Florida Interscholastic Cycling League Race Series

Our definition of “RACE”

Language is important. When we first launched this league, we noticed the reaction we got from people when we said that middle and high schoolers will “race” and can say it had varying effects. To a new rider, even the words “mountain biking” can bring up images that don’t really represent what our version of mountain biking is, as explained in this article.

The Oregon Interscholastic Cycling League came up with a great acronym for what a race is and we wanted to share it with you here: Really Awesome Challenging Event  – because that’s exactly what it is. A race will be a timed event on a closed course and the rider can choose what they want to accomplish out there. That may be getting on the podium or just finishing one lap without getting off the bike, but whatever it is, it’s gonna be rad and we’ll be there to root and cheer each and every rider that comes out.

What sets us apart

One of the great things about a NICA League, which separates us from other youth cycling development programs, is we produce our own youth-specific events. This means we pick out race venues and work directly with landowners and managers to produce the highest quality youth development race courses and events. Our student-athletes get a stage of their own, away from adult competitions, and we strive for safety and fun above all other factors.

We have already begun the process of reviewing prospective Spring 2022 venues around our state to ensure that our events will meet NICA standards, for the sake of our participants’ experiences as well as our own risk management. If you have a suggestion for a venue we would love to hear it, please send your ideas to us.

A great event venue is nothing without a great team putting the event on, and we are a 100% volunteer run organization. We are actively seeking volunteers for all aspects of event production, from helping us form great partnerships with land managers, set our courses, lay out pit zone, mark the routes, and assist in various other “day of” roles such as registration, course marshals, parking, and more. Whether you’re interested in a 2-hour shift so you can see your child race, or a spot on an event committee, Florida Interscholastic Cycling League would be delighted to have your involvement! Please send an email to jason@floridamtb.org to inquire about volunteer opportunities.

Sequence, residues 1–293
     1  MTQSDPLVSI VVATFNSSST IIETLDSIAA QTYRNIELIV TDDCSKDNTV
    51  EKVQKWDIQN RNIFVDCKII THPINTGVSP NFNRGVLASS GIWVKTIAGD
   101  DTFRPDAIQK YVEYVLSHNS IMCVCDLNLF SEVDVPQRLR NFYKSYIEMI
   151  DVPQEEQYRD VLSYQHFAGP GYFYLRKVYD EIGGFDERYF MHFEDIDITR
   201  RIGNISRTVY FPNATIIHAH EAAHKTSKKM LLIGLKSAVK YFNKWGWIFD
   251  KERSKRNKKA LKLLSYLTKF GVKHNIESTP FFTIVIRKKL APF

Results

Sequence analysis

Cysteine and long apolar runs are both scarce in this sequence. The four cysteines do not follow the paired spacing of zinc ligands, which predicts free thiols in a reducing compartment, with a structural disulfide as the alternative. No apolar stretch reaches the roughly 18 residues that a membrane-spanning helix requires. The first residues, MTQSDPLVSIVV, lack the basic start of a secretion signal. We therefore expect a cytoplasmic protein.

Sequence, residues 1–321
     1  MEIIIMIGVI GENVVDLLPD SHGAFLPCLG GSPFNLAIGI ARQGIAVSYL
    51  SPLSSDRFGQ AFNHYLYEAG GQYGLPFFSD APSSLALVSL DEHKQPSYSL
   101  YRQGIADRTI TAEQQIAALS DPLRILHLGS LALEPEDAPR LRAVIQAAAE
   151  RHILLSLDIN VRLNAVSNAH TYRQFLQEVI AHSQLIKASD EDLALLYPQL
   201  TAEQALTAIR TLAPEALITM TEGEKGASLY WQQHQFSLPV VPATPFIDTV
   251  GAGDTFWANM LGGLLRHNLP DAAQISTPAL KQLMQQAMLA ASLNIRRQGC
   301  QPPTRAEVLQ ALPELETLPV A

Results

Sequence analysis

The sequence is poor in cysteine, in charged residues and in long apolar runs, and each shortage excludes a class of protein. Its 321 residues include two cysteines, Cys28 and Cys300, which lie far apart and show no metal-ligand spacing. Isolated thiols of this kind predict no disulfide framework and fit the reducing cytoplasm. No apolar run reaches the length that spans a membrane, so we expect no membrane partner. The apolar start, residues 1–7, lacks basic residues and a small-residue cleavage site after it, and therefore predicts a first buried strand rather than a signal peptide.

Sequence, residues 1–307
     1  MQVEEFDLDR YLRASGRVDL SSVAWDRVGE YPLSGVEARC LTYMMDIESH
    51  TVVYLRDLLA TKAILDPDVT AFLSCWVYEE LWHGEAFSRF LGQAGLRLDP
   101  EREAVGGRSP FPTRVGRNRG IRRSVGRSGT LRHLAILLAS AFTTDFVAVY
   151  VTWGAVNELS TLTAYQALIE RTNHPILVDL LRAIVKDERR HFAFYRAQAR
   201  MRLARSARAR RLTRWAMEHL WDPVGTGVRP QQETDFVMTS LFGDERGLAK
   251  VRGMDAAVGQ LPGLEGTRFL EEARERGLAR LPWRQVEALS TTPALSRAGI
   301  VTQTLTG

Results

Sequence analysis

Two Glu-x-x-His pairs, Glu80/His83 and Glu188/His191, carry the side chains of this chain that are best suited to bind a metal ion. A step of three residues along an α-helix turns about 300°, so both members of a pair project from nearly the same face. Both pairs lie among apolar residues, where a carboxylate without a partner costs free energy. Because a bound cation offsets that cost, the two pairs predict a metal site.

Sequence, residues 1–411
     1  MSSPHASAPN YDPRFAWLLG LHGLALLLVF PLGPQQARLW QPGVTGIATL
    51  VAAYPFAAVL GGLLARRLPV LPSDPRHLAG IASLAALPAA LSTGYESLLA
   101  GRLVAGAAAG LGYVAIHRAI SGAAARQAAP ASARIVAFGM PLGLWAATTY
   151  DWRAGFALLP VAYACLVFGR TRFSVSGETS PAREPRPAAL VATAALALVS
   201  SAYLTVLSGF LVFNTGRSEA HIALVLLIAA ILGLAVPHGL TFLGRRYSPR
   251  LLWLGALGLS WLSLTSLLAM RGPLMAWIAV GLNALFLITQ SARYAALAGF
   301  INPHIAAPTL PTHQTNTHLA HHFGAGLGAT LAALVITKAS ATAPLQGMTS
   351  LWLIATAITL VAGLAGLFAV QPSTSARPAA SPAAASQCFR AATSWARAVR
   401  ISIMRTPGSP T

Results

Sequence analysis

A note about our Middle School Program

While the FL League does hold a race series, our philosophy is to balance competitive and noncompetitive mountain biking pursuits. At the middle school level, we want to de-emphasize the competitive aspects of the sport even more. We prefer to introduce the younger riders to competition slowly. Though some kids relish competition, many do not. The goal of the middle school program is to ease our student-athletes into racing: the primary focus should be on having a blast while riding bikes in the dirt with your friends and enjoying the overall atmosphere and experience of NICA; racing should very much be a secondary focus. See HERE for more information and details about our middle school program.

A note about our SPRING race season

We’ve had some questions about why we’ve chosen to do a spring race season, so here’s a little bit on our logic:

  • The Florida League facilitates youth development through the sport of mountain biking, with about 90% of our student-athletes being new to racing and 75% of them riding trails for the first time upon joining our program. We really do want to get more kids on bikes – not create a development program for high-end athletes (although we do see a lot of talent throughout NICA participation). There are juniors already racing in other programs during the fall and spring, and that’s great! They’re already in the cycling community, and chances are really dang good that their family is, too! And while we invite them to join us, we know there are thousands of others who don’t know what this is about. We’re ready to share what we’re doing with both new and experienced riders.
  • The weather we get from February through early May is best for our racers. If we were a fall league, which really starts in July, we’d be up against the extreme heat and humidity, a plethora of nasty plants and insects to deal with as well as the occasional hurricane. These are not the conditions we want to expose our new riders and their families to.
  • A spring race season means student-athletes can start training and practicing in December. In order to create a positive experience into the sport, getting new riders out on trails with mild to warm days, some wildflowers, and birds chirping makes way more sense than getting them out in the heat of summer with all of the mosquitoes, lightning and humidity. We’re not saying that all of that doesn’t create character, but we have other ideas of how to do that which include way less resistance from new riders.